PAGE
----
Holding Life and Death Together

On November 9th, I noticed that it was the anniversary of two dramatically different events.

The first is the feast day of the rededication of the St. John Lateran Basilica in Rome. This is the closest papal basilica to where I now live. The church was established in 324 and the feast is to celebrate its rededication in 1724. The basilica is the seat of the bishop of Rome and is called the “mother of all churches.”

The second event is known as Kristallnacht when, in 1938, Nazis destroyed thousands of Jewish businesses and property and desecrated synagogues throughout Germany and Austria.

Continue reading

Giving Death Its Due

On of my favourite sections of the book After One-Hundred-and-Twenty: Reflecting on Death, Mourning, and the Afterlife in the Jewish Tradition by Hillel Halkin is about the proper measure of grief in our lives and our communities.

Hilkin writes:

“The basic approach of the rabbis in Semahot [a rabbinic text on death and mourning] is to allow sufficient space for grief while channeling it into formulaic expressions and surrounding it with numerous prescriptions that make sure its desirable limits are not exceeded. Death is a blow that must not be faced alone; it requires the support of others; the emotions it arouses must be acknowledged and given voice to; yet they are best expressed in time-tested ways that never carry mourners past the point from which they can find their way back to normal functioning within a reasonable amount of time. Mourning is not just a private affair. It is the concern of the community, which is thrown off balance if one of its members fails to recover from a death quickly enough. Life has its rights, too. If a funeral and a wedding procession meets in the streets of the town, Semahot rules, the mourners must turn aside from the path of the bride, since ‘respect for the living precedes respect for the dead.’ Should you have to choose between paying a condolence call and attending a celebration for the birth of someone’s child, choose the celebration.”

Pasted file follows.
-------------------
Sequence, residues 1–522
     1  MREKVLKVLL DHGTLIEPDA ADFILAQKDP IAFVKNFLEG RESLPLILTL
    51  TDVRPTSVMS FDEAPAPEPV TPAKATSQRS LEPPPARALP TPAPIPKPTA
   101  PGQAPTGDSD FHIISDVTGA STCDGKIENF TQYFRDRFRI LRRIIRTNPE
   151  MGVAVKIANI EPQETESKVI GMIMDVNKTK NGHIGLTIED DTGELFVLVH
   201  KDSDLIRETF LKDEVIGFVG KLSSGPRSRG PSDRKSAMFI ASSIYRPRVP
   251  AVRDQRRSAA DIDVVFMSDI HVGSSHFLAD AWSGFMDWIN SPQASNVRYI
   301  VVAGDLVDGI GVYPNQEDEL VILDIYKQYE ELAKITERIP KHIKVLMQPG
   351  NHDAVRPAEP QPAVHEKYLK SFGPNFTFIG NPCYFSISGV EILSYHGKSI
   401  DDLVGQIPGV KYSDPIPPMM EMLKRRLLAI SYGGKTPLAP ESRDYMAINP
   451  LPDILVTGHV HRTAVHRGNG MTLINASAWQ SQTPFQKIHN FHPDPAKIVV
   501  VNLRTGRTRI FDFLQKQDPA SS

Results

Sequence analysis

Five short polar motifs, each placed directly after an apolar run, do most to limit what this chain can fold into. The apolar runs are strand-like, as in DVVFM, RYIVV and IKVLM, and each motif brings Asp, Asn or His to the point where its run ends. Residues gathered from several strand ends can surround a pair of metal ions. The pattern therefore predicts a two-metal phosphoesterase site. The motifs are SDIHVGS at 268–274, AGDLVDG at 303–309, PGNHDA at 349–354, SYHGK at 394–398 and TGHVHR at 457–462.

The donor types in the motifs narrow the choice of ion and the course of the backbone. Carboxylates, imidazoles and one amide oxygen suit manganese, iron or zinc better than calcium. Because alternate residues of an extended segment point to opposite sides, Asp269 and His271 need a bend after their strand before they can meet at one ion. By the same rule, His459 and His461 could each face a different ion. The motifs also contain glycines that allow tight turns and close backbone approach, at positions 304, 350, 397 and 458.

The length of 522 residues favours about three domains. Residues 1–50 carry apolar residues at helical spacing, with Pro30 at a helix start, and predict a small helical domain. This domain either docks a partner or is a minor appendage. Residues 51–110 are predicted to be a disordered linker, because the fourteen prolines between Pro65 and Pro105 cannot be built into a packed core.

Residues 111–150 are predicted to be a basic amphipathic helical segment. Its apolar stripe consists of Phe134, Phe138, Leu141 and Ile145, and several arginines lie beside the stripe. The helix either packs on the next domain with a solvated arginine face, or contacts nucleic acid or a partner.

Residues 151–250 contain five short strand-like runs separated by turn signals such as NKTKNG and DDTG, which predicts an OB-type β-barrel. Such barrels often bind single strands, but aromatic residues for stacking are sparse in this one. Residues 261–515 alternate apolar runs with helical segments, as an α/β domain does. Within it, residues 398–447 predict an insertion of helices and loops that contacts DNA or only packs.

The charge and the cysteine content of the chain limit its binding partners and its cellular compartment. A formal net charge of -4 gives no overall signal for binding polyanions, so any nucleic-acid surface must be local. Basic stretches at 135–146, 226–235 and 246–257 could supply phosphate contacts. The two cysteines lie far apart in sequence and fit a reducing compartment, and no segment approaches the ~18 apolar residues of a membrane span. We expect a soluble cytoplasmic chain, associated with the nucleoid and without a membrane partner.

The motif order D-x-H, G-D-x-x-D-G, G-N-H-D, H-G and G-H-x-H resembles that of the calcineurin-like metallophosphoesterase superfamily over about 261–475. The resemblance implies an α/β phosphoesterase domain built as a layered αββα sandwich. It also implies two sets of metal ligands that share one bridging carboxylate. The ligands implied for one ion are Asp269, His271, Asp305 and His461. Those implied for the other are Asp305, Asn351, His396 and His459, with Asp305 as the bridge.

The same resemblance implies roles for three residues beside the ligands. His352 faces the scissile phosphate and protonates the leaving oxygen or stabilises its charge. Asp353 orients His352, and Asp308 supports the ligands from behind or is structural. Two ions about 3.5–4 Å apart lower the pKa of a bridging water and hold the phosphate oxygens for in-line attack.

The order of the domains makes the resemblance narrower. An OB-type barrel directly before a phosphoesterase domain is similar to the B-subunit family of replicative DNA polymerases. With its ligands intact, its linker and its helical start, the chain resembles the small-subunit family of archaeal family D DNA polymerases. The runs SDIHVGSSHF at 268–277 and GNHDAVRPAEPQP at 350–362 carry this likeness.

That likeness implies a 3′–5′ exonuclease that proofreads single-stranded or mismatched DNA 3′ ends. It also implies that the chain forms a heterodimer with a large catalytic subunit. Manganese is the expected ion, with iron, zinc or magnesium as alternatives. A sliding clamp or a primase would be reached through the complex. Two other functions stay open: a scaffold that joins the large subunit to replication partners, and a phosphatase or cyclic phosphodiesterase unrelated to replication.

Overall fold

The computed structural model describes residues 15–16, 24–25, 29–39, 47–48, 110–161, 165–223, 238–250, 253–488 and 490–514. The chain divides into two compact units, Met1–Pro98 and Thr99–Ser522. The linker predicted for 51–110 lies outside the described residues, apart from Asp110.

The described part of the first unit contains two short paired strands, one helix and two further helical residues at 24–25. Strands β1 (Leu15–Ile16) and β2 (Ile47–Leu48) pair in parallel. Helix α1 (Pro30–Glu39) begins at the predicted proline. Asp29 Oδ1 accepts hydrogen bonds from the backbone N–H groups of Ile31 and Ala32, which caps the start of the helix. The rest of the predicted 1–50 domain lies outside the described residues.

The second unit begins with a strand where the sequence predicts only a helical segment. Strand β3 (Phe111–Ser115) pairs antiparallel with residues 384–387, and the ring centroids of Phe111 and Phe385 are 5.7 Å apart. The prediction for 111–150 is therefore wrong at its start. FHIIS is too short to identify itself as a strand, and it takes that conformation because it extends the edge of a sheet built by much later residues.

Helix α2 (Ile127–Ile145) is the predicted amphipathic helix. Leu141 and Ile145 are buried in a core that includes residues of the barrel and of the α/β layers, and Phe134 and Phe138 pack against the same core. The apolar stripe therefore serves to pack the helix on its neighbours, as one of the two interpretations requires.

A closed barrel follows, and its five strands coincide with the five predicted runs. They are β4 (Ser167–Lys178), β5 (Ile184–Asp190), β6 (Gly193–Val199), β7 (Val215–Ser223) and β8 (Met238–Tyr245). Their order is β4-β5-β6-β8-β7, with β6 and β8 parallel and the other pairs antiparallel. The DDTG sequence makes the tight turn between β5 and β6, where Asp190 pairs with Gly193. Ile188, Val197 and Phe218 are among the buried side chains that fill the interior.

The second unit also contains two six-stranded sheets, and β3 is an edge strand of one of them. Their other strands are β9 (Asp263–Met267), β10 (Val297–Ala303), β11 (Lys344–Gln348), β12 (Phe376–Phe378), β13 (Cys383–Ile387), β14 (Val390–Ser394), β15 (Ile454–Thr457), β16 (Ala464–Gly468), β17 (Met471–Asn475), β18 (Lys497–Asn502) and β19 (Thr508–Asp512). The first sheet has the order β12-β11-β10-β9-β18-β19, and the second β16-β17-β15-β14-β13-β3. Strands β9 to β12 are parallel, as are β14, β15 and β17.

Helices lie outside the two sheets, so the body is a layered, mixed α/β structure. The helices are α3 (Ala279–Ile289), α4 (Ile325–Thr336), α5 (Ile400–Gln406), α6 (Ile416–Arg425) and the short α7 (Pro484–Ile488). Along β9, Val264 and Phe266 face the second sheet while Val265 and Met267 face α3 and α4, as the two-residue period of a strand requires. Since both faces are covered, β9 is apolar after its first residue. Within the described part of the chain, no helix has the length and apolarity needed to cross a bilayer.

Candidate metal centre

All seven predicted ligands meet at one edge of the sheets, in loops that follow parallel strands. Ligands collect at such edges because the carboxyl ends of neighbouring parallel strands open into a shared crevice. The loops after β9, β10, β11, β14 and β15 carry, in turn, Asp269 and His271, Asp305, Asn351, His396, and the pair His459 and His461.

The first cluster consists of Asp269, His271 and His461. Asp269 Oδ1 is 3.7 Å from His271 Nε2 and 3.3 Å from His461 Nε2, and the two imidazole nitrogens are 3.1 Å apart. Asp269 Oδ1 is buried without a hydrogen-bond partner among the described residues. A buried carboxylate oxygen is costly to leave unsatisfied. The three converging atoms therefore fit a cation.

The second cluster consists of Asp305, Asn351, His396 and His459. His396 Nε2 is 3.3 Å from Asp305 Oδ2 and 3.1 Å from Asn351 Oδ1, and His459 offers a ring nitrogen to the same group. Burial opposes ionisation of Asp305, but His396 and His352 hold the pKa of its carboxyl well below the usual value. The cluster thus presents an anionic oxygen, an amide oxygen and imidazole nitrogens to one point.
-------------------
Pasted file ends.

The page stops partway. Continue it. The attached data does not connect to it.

Next, Halkin recounts this story from the same source about Rabbi Akiva when his son became seriously sick:

Continue reading